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24 September 2001
The terrorist attacks in the United States left us numb with shock, fear, anger, grief, and a kind of helpless defiance. It was unexpected, it was merciless, and it took thousands of human lives. It reminded us, in the most brutal of ways, of the fragility of our world and our way of living.
Our reactions to the destruction of the World Trade Center were instinctive. We felt horror and anger and determination that those prepared to murder innocent people in this way should not get away with it; or be allowed to do it again.
Today, I realise that we also need time for reflection. That should in no way substitute our resolve to fight and exterminate the terrorist threat in the world, but we have to consider how this should be done carefully and clearly.
Force may be necessary to obtain our objectives, which are to bring those responsible to justice and prevent any similar crimes in future, but in order to achieve this we must also ensure that force is used in an appropriate, proportionate and rational manner. This means that we must define our objectives with the utmost clarity and precision. Prejudice and terror against the innocent cannot be treated, as the Americans themselves put it, as "collateral damage" of our anger against the guilty.
We must make sure that our efforts will be seen and supported for what they are - a fight for justice against crime - and not as a retaliation of West against East, of rich against poor, of one religious against another, of "us" against "them".
At the same time, as we proceed to search out those responsible, we must engage ourselves in trying to understand the political, social and economic background of the escalation of terrorist violence in recent years. Not that any knowing it can serve as a justification of what happened, or that our efforts to understand will have any effect on the intentions of the Usama Ben Ladens of this world. These people are not interested in correcting injustice; they merely exploit them to justify their acts of terror. But if we are insensitive to political, economic and social injustice in some parts of the world, we facilitate the work of the terrorists and allow fertile ground where they may develop political support and recruit sympathisers.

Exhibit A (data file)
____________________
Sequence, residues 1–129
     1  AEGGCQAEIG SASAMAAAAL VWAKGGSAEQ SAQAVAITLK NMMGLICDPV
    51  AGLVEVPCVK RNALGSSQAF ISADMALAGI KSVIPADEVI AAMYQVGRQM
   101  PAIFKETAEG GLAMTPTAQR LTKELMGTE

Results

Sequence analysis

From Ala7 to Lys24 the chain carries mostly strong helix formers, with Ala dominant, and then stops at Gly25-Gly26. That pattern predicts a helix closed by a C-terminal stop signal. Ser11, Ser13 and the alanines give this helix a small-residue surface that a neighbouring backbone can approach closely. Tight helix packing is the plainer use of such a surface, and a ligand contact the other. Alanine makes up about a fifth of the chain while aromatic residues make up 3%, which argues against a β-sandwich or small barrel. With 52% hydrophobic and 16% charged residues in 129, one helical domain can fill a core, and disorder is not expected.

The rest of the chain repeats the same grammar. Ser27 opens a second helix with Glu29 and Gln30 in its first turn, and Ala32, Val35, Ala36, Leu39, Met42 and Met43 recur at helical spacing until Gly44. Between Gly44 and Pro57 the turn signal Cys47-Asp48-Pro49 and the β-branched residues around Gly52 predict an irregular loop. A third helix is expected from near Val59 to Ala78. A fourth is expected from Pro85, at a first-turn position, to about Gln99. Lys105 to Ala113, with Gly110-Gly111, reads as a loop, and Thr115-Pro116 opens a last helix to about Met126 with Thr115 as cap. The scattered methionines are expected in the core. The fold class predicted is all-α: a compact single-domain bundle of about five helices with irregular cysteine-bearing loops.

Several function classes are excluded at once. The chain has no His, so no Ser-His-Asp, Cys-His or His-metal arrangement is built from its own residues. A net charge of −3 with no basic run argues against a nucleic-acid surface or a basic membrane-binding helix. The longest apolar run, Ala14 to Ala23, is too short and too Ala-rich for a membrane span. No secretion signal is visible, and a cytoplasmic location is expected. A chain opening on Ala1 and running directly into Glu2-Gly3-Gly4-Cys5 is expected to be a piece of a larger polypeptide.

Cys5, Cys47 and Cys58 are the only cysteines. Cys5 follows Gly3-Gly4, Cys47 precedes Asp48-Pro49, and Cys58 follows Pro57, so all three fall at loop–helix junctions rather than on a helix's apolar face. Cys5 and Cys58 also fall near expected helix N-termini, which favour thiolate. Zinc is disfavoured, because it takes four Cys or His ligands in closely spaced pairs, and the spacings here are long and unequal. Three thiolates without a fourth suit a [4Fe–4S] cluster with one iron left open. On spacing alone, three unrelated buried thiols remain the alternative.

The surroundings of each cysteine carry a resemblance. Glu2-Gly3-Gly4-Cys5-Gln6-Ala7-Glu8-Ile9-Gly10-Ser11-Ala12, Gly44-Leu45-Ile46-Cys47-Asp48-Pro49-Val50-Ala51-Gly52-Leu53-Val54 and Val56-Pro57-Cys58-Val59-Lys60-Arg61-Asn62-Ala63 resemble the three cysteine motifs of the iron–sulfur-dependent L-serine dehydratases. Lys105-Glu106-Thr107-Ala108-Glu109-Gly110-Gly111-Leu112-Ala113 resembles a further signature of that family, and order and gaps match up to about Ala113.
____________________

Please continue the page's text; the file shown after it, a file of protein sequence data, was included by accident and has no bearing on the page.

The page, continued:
If we are to succeed, we must show that we believe that a human life has the same value everywhere, whether on the streets of Manhattan or on the streets of Ramallah, or Tel Aviv, or Algiers. We must demonstrate the same resolve to punish a crime against innocent civilians, whether it be committed in Washington, Srebrenica, or Alkhan Yurt.
Today, we need more humanity, not less. We need more justice, not less. We need more human rights, not less.
Statement by Lord Russell-Johnston - 24 September 2001
Council of Europe Website